Oh and guess who pays for the one-child policy? You do.

Funding for the one-child policy comes from UNFPA and IPPF which in turn are funded by the EU and the British government, in other words the taxpayer.

Thursday, October 04, 2007

Tony Benn wants to be an MP again


Oh for heaven's sake, will he never give up on his insane project to turn the Parliamentary Labour Party into a permanent Benn family reunion, with himself at the helm? One wag commented "I think he's mistaking Brown's call for a government of all the talents for a government of all the generations. Next they'll be putting a blastocyst forward for selection purely on the grounds that its a Benn."

Wednesday, October 03, 2007

On the indoctrination of schoolchildren

First the bad news: a British judge has ruled that Al Gore's enviro-mentalist agitprop flick, An Inconvenient Truth, can - and inevitably will - be shown to 11-14 year olds during school hours. Now some good news: but in what was described as a "U-turn" the department for children, schools and families has offered to re-write its accompanying guidance notes for schools after Mr Justice Burton ruled that the film promoted "partisan political views".
The case was brought by father of two and Kent school governor, Stuart Dimmock, who, not unreasonably takes exception to children being fed this kind of mind-rotting rubbish at school. And so should anyone else who professes to care that children are taught how to think rather than what to think.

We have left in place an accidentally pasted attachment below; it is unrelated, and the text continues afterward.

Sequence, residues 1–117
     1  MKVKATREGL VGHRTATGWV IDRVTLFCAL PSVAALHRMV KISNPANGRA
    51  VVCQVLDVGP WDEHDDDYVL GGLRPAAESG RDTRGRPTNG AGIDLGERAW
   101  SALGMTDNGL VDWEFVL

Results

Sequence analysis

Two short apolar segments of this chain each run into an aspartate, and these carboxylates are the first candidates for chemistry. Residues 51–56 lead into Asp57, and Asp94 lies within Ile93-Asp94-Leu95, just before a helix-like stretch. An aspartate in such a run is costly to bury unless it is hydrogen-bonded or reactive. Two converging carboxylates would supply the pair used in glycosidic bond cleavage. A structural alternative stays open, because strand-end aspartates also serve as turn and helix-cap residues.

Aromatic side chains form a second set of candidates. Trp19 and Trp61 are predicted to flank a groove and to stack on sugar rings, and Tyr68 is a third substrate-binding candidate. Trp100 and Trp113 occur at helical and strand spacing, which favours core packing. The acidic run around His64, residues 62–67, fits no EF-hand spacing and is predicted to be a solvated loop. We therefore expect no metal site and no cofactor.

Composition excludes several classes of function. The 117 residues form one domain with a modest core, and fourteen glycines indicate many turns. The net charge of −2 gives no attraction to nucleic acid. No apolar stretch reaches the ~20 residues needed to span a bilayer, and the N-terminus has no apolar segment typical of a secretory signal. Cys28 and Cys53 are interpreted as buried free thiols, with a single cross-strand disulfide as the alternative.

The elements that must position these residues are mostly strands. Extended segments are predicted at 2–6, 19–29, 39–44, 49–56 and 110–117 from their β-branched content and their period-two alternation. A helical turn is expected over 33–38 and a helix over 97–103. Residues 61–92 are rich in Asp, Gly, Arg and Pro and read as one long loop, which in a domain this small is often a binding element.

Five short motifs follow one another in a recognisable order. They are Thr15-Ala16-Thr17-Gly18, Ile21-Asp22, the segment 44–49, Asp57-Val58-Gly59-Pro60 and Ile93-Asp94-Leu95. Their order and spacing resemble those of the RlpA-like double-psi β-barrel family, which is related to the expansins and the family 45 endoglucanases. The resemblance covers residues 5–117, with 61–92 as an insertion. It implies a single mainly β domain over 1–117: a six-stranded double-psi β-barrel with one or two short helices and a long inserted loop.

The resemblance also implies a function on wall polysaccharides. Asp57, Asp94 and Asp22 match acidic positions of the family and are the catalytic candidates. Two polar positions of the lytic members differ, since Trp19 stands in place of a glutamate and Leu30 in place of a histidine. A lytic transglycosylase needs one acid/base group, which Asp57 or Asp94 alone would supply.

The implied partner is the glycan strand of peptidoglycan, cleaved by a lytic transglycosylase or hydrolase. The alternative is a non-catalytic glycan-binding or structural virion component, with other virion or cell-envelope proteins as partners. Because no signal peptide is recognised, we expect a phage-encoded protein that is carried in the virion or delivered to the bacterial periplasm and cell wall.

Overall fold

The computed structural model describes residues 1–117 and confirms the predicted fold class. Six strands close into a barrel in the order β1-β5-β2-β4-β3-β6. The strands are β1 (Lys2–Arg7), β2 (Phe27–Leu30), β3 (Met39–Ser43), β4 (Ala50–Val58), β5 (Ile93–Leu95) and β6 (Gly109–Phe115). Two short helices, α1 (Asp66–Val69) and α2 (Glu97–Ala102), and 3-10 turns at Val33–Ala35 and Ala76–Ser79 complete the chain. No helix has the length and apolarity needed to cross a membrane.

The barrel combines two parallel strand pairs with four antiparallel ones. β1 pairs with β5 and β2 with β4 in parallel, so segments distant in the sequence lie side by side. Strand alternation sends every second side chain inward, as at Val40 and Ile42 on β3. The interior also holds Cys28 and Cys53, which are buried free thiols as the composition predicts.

So where were these brave titans of liberal pedagogy, these fearless opponents of juvenile indoctrination? Where were the combined forces of Richard Dawkins and the National Secular Society with their tub-thumping speeches and press releases assailing the corruption of young minds?
Answer: Nowhere to be seen.
For people who've made such a vulgar fuss about liberating children from what they call indoctrination, they've been noticeably quiet about this court case.

By their (in)actions shall ye know them
Their inconsistency is revealing of their true motives, which transparently have nothing to do with preventing indoctrination and everything to do with attacking the democratic rights of believers.

Back to it

So back to it, after the first run on a British bank in over a century. Rarely has the silly green insistence on a human contentment index rather than GDP growth as a measure of progress seemed like more of a frivolous frippery. Financial near misses like Northern Rock evoke spectral images of depression and mass immiseration, focusing minds on the things of real importance.